The promise of weeks and weeks of uninterrupted awesome, commonly called the summer vacation, stretches in front of you, as well as the challenge to reinvent yourself…to be different somehow when fall rolls around with its Back to School specials and freshly sharpened pencils. I suppose that’s why in addition to the calendar of fun that the Chicklet (now a seven year old!) is forcing me to make, I am hankering to carve aside some time for reflection and work.
When I became a mom, my mom-writer mentor said your time will never be the same. Interruption will be your only constant. Kids interrupt you. They rely on you. They need your help. They’re stuck. They fall. They spill. They need to get something down from a high shelf. As a work-at-home mom, my work has changed immensely from the dusk to dawn at the writing desk, sipping hot tea as I type away on the laptop, a shag rug at my feet. Now work comes in spurts and rarely has the level of focus I like, except when they go to sleep which after you unpack the day gives you two hours max…not counting the time spent surfing the web and catching up on TV.
Small wonder that along with dreaming of a world where I cash in on the sleep my kids owe me, my writing mom soul is becoming obsessed with a summer retreat. I get this urge every summer, but by then of course deadlines are gone, residencies are only available the following year and I am really bad at planning that far in advance. And then many of the residencies are two weeks, four weeks, a month. It’s hard for a mom-writer to go away for that time. Heck, it’s hard enough for a mom-writer to go out when it’s bedtime. And then the expense and the solitude…I don’t know how I’d deal with a month of quiet reflection, and I know my bank account couldn’t handle it either. A girl like me needs the emergency retreat: immediate gratification, four days max, a writing retreat boot camp if you’ll pardon the mixed metaphor.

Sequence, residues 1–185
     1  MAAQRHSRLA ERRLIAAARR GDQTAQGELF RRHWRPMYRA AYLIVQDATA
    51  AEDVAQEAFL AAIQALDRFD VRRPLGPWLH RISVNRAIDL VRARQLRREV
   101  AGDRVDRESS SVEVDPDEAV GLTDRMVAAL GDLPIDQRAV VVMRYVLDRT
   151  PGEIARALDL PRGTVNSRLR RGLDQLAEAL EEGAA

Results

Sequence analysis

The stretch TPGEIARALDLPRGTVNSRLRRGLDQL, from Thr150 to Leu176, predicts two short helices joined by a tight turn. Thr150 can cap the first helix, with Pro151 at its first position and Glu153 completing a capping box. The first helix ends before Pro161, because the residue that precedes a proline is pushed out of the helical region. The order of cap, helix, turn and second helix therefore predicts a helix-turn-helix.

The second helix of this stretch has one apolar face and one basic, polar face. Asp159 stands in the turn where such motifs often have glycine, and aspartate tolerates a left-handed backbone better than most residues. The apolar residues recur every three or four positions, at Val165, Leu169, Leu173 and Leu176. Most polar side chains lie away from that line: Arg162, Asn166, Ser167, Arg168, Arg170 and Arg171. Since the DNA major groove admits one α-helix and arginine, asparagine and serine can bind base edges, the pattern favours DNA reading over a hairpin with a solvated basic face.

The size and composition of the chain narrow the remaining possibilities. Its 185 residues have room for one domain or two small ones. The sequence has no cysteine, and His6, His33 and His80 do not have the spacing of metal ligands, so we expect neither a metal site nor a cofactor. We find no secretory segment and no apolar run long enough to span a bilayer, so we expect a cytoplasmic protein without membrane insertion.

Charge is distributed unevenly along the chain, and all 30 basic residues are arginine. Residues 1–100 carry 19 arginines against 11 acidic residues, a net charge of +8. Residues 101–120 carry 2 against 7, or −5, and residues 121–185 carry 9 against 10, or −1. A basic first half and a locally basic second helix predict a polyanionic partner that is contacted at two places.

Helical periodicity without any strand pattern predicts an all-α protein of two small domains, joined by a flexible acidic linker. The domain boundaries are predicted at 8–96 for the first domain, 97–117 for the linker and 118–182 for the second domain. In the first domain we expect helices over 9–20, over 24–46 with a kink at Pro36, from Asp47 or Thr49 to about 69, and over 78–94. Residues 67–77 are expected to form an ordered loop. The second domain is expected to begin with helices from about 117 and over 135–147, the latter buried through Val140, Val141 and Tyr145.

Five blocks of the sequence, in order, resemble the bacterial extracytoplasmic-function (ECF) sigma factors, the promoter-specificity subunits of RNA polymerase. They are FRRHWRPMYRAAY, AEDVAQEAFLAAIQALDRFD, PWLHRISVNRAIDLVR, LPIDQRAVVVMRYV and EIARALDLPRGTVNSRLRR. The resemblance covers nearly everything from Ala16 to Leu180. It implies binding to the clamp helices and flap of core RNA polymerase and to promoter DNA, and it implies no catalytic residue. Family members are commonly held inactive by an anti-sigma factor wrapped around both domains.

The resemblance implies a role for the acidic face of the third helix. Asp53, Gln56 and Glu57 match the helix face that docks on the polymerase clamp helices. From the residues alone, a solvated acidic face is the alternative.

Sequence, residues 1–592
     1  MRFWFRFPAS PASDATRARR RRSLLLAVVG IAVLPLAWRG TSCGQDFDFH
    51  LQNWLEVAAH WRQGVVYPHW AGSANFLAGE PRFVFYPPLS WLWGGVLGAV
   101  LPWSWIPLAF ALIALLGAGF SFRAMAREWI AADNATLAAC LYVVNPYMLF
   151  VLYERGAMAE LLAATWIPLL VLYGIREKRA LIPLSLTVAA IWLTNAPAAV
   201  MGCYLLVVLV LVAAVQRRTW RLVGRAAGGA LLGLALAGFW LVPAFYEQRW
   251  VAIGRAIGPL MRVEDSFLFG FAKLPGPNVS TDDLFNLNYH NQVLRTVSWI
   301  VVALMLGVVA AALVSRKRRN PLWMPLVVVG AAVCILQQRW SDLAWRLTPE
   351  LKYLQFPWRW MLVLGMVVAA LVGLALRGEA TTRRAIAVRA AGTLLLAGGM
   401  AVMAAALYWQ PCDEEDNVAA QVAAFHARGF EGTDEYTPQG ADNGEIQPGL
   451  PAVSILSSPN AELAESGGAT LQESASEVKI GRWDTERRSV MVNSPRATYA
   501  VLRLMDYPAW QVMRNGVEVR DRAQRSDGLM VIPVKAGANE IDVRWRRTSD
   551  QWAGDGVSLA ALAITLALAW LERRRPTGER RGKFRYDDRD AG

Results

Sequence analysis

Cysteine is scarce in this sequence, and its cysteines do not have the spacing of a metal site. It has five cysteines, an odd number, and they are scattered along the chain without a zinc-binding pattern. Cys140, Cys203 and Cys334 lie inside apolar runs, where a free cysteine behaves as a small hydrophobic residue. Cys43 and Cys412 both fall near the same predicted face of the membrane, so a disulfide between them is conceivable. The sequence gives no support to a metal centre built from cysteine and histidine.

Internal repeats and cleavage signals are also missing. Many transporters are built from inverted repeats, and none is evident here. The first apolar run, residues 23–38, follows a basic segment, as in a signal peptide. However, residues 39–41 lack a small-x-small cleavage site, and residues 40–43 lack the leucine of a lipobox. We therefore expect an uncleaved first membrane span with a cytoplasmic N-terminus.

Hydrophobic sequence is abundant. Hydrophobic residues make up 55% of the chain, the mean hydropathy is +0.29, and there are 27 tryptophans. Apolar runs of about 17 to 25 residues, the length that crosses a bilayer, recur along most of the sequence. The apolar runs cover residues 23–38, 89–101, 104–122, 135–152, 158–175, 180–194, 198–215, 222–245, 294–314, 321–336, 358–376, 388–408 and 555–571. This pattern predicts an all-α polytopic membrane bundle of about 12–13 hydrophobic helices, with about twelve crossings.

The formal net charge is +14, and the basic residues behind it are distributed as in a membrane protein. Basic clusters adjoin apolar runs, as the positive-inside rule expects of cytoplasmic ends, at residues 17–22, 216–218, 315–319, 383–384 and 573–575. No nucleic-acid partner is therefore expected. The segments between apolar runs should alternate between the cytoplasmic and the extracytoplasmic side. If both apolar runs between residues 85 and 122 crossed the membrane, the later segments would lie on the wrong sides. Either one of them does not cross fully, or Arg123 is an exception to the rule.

The idea of this emergency retreat has taken hold, especially now I’m reading more about self-directed retreats. Now these sound like my speed. I don’t have to wait on anyone or apply or submit a work sample. I can just book a room somewhere for a couple days and go. And then there’s a moment’s pause: is being a solo female traveler on a self-directed retreat such a terrific idea? I don’t know…but it’s exciting, intoxicating: the thought of the uninterrupted hours, the planning of future scripts, the thoughtful scenes I’ll write, the satisfaction of plowing ahead with projects I’ve been writing piece-meal and looking up a couple hours later to find you’ve added fifteen pages to the count.
And I guess, as things start to come together on the old idea (crazy Bollywood musical), the inevitable question is what next? A period of quiet reflection seems like exactly what this mama needs to figure it out..though I’m still not sure if, or where, I’ll find it.